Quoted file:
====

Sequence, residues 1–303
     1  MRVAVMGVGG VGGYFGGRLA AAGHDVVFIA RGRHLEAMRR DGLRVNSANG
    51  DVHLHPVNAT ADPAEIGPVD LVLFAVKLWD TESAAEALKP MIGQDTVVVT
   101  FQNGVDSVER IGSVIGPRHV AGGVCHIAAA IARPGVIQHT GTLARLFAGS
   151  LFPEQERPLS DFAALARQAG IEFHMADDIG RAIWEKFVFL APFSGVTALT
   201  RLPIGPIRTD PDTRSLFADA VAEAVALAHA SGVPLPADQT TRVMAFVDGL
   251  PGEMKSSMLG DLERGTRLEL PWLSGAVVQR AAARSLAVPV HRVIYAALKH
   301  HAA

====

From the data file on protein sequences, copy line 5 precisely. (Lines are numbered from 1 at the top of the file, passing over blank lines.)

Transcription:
   151  LFPEQERPLS DFAALARQAG IEFHMADDIG RAIWEKFVFL APFSGVTALT